Posters adorn a fence in the city centreAlexandra Picken with permission for Varsity

Posters are an inescapable aspect of the Cambridge landscape. If there’s ever an exposed railing, you can be sure that there will be at least a dozen colourful posters zip-tied onto it, promoting any and every show no matter how big or small. While the deluge of posters might be considered an eyesore in this historic city, there’s something special about the fact that each production, even temporarily, has its own carefully created piece of art to speak for it around town.

Deciding on the best posters of the year is a difficult task. There are many things that go into creating an eye-catching masterpiece. The best posters offer indicative views into the shows they promote, while also being impressive pieces on their own, completed with care and consideration of style. A unique, unexpected, yet clear approach can grab a passerby’s attention, sparking questions without causing confusion.

Designs for Blood Relations and HamletAnna Piper-Thompson with permission for Varsity

Anna Piper-Thompson’s design for the European Theatre Group’s December production of Hamlet strikes a great balance between recognisable iconography and distinct, unique style. Piper-Thompson’s rendering of the famous Hamlet skull with thick brushstrokes in blue, grey and even mauve communicates both the energy and turmoil of the character and the chilling, eerie nature of the play. The simplicity of the poster’s dark background and stark white font keep the viewer’s undivided attention.

“There are many things that go into creating an eye-catching masterpiece”

Stylistically similar is Piper-Thompson’s design for Blood Relations, another story brimming with psychological terror. Delving into the mind of a woman accused of murder, the segmentation of the gaunt face on the poster gives it a distinctly unreal feel, contrasted with the title of the play which itself looks painted in blood. When asked for her advice to anyone looking to get into poster design, Piper-Thompson recommended: “applying your own medium to poster creation”, and not being afraid to give it a go – even if there’s a learning curve at first.

Work-in-progress samples from Frankie Browne’s Heart of a Dog poster Frankie Browne with permission for Varsity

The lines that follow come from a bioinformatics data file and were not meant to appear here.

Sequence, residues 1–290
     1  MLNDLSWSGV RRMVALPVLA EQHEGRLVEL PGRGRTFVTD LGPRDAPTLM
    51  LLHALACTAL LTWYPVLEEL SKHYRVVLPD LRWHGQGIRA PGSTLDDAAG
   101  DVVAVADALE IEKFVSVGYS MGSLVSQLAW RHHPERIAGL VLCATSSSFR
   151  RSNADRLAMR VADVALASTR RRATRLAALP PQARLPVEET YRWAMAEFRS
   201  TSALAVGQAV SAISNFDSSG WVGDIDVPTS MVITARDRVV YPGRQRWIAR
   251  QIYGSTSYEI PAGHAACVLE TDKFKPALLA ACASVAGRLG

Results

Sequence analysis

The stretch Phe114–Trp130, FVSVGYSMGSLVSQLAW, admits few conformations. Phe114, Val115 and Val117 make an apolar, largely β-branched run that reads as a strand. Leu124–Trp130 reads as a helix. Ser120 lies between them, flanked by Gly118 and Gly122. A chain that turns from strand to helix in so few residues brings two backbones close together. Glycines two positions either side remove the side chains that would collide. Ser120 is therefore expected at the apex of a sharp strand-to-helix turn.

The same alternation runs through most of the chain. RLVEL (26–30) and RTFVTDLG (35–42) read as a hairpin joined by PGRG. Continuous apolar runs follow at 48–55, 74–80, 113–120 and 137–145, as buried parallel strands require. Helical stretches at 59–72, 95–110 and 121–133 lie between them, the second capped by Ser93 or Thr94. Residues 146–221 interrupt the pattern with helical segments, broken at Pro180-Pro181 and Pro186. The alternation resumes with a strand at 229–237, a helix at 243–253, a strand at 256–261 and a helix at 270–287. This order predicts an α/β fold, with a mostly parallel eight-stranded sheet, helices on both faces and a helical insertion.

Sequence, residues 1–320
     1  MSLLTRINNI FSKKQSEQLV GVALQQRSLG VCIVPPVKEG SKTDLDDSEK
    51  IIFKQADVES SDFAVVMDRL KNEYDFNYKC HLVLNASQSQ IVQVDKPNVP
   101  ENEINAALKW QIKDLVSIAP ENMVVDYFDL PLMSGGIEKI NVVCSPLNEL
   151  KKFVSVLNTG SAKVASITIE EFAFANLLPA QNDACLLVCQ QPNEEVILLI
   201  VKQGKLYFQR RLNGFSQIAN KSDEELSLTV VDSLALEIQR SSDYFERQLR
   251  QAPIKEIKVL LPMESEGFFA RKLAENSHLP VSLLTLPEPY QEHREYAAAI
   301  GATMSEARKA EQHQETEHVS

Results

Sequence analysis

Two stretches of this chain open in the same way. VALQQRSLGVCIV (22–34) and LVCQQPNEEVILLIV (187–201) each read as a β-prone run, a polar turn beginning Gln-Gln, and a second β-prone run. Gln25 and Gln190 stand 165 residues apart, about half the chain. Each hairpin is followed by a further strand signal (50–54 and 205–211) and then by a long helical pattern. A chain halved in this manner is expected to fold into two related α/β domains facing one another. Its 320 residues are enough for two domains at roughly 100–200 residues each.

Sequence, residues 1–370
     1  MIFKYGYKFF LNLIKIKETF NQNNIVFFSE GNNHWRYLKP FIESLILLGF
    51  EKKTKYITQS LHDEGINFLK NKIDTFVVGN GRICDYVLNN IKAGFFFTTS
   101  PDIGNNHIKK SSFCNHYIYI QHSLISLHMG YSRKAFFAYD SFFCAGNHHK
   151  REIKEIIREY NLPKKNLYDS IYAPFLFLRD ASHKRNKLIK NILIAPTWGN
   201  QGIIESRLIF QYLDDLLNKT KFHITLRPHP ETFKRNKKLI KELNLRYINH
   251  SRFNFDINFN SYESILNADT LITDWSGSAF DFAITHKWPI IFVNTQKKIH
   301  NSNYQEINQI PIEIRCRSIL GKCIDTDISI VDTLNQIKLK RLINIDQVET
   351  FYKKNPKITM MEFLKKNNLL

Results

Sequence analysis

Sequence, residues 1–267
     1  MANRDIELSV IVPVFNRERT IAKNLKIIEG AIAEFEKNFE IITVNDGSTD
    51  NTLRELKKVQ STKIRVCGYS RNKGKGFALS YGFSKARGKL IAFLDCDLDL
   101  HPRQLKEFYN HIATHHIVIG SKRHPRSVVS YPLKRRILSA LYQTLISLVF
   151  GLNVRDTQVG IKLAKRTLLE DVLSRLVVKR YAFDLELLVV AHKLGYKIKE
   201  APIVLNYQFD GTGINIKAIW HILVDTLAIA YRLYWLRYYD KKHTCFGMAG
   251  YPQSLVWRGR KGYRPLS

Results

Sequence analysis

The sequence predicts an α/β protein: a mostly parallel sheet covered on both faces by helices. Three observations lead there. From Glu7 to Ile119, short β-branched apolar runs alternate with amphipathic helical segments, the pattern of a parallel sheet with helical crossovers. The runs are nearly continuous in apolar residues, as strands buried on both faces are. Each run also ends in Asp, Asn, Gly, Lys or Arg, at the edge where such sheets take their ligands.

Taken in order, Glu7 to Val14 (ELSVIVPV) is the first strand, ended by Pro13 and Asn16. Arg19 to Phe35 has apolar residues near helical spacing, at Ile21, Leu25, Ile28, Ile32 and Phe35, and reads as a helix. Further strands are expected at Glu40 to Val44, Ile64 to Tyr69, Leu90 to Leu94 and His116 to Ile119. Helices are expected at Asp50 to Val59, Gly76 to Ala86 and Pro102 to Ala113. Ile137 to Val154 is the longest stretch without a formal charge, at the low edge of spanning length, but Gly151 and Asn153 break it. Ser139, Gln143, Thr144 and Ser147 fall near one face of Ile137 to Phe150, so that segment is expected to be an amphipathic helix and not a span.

Easily one of the most surreal posters this year is Frankie Browne’s design for Bulgakov’s adapted Soviet satire, Heart of a Dog. Much like the recognisable Hamlet skull, the heart itself features in the centre of the poster, horrifically squeezed above the eye of the scientist who created the beast, hinting towards the show’s black comedy. While most posters are designed digitally, this one is hand-drawn, the bright technicolour of the bombastic dog contrasting with the helpless human figures. Browne was inspired by USSR propaganda posters, which feature jarring blends of colour, bodies and faces. The mangled, jumbled up figures here mimic these and reflect the play’s central focus of the chaotic reanimation of a lowly dog with human body parts.

“Even the work of a student or first-time artist can be featured throughout the town”

Similarly, Browne’s poster for 1984 almost affronts the viewer with its boldness. Winston tears through the poster out of the background of endless static, desperate for his voice to be heard. For a text as famous as 1984, it is unsurprising that its poster should jump out at its viewer. When asked for advice, Browne advised looking for shows which excite you like “the art you make already,” ensuring passionate and natural design.

Katie Wrench’s design for Indecent attracts via its simplicity, this time presented in the form of a collage. The Sepia-toned photograph of ships in the background brings to mind the play’s early 20th-century setting and contrasts the black-and-white female figure atop it, reflecting the play’s key concerns of the immigration, sense of displacement and alienation of the Jewish population it follows. The central female figure, once “indecent”, is covered up and anonymised with a simple piece of tape, rebelling against the censorship of the struggles of the past. All this is completed with the title cleanly done in English and Hebrew.

Work-in-progress samples from Katie Wrench’s Indecent posterKatie Wrench with permission for Varsity

Wrench described the sometimes challenging process of working with a production team to find an ideal poster, especially considering the time pressure in Cambridge theatre and the difficulty of perfecting a design from many initial ideas. She stressed the importance of open communication and remembering the amateur aspect of student theatre, where everyone is innately providing each other with favours and looking to take advantage of all the opportunities that Cambridge offers.


Mountain View

Have we forgotten that we’re young?

Poster design can often seem daunting, something best left to professionals. But the great thing about the Cambridge scene is that even the work of a student or first-time artist can be featured throughout the town, embodying a production which the whole crew has worked hard on. If the experiences of current designers is anything to go by, it is clear that nothing should deter someone from trying their own hand at publicity design. Creative vision, drive, and ideas are always more important than experience or expensive materials. Every poster is its own work of art, and we look forward to even more great ones next year.